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What's really behind harsh GOP responses to Obama's Middle East speech

How much of the Republican candidates' harsh reaction to President Obama's policy speech on the Middle East and the Israeli-Palestinian dialogue was campaign strategy?

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Former Gov. Tim Pawlenty (R) of Minnesota, expected to announce his candidacy on Monday, shakes hands during a We the People candidates forum on April 30, in Manchester, N.H. From the campaign trail, Governor Pawlenty called Obama's border proposal a "mistaken and very dangerous demand."

Jim Cole / AP / File

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The GOP presidential contenders’ harsh reaction to President Obama’s Middle East speech Thursday reflects multiple realities heading into the 2012 campaign.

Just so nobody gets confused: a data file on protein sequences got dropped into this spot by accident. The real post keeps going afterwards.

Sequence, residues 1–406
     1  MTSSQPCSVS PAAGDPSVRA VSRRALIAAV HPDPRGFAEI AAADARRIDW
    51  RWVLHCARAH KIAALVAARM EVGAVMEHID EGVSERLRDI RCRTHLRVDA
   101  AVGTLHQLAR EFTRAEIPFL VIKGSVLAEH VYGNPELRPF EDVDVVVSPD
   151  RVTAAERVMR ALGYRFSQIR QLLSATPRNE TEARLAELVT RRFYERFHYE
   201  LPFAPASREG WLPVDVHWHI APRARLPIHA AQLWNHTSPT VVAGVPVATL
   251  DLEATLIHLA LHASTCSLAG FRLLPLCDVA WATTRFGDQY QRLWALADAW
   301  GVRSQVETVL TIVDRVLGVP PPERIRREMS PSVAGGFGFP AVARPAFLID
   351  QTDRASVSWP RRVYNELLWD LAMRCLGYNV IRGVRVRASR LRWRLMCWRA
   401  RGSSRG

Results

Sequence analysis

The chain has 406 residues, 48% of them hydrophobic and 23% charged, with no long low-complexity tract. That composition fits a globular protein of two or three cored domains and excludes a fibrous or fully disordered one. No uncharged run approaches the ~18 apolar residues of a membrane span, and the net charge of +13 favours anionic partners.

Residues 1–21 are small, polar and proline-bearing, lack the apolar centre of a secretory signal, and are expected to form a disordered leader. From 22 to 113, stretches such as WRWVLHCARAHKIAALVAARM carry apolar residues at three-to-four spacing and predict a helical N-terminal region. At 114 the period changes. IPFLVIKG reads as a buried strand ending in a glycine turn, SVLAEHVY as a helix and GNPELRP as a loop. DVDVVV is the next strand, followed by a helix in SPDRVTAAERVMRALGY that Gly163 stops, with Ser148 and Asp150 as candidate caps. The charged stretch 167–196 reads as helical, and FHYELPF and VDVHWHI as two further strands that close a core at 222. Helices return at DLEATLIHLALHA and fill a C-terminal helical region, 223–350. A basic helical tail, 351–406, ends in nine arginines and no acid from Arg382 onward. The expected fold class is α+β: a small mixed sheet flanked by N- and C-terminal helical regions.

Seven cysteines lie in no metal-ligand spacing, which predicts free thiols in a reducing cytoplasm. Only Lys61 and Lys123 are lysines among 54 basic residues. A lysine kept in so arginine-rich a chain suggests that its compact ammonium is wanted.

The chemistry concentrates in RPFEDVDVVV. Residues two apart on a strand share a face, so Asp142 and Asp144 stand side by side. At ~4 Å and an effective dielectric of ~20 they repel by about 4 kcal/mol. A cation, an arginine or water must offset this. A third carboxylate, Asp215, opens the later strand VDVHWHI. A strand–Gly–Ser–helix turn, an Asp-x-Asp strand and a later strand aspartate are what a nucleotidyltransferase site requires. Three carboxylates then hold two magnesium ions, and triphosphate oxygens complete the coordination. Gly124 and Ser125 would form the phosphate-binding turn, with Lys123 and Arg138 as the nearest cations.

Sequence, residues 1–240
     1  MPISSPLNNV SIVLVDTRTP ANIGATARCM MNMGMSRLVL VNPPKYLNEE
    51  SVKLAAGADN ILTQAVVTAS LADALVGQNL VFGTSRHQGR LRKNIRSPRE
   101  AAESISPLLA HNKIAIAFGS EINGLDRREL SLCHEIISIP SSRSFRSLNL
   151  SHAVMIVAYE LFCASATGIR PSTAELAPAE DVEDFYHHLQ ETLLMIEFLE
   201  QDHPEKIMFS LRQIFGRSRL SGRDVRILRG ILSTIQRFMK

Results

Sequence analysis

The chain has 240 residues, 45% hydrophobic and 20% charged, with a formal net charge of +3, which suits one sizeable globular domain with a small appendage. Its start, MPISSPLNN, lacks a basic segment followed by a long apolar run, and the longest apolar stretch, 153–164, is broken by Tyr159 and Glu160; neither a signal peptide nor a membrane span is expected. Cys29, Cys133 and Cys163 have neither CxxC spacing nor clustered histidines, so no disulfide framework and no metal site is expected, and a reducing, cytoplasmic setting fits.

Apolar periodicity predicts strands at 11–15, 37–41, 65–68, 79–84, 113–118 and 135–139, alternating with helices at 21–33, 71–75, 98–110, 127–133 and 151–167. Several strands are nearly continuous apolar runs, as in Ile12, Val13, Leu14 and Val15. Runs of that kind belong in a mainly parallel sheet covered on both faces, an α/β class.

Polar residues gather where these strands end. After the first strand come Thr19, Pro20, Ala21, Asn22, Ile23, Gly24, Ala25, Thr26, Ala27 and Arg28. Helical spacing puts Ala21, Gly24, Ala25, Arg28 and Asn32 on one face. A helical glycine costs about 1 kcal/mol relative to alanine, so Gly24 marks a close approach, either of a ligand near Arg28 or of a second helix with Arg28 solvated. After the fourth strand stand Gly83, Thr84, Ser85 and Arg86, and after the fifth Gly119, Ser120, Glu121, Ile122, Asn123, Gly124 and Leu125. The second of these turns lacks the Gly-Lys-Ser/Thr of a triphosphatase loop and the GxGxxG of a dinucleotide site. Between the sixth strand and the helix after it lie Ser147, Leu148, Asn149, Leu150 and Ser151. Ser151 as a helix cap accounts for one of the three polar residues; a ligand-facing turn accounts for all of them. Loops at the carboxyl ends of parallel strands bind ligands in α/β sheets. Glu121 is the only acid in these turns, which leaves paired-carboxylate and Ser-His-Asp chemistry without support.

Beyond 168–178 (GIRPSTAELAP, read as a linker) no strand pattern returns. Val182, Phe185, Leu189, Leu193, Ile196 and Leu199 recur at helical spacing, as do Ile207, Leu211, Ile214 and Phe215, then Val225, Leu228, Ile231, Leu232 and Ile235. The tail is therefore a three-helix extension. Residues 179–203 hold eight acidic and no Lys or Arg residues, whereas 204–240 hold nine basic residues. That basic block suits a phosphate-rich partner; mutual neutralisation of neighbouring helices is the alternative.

First, the candidates need to demonstrate knowledge of foreign policy. Most of them have little first-hand experience in foreign affairs, and so going up against the now-experienced Mr. Obama presents a challenge – especially following the US military's killing of Osama bin Laden.

Second, Republicans will pounce on any comments by Obama that can be construed as overly harsh toward Israel, in a reflection of Israel’s special status in American politics. Obama needs a strong Jewish vote – and Jewish financial support – to win reelection, and so the Republicans will seize any opportunity to try to drive a wedge between Obama and Jewish voters.

Third, as the campaign heats up, it almost goes without saying that if Obama argues A, the Republican candidates will argue B. They need to create contrast wherever possible.

The most salient point of contrast came with Obama’s assertion that negotiations over a future Palestinian state should use the borders that predated the 1967 Six-Day War as a starting point. Republican candidates are ignoring the fact that Obama left some wiggle room on how exactly to draw new borders; he said they should be set “with mutually agreed swaps” of land. It was the first time an American president had fully articulated the US’s Israel-Palestine border position in public, and Republicans pounced.

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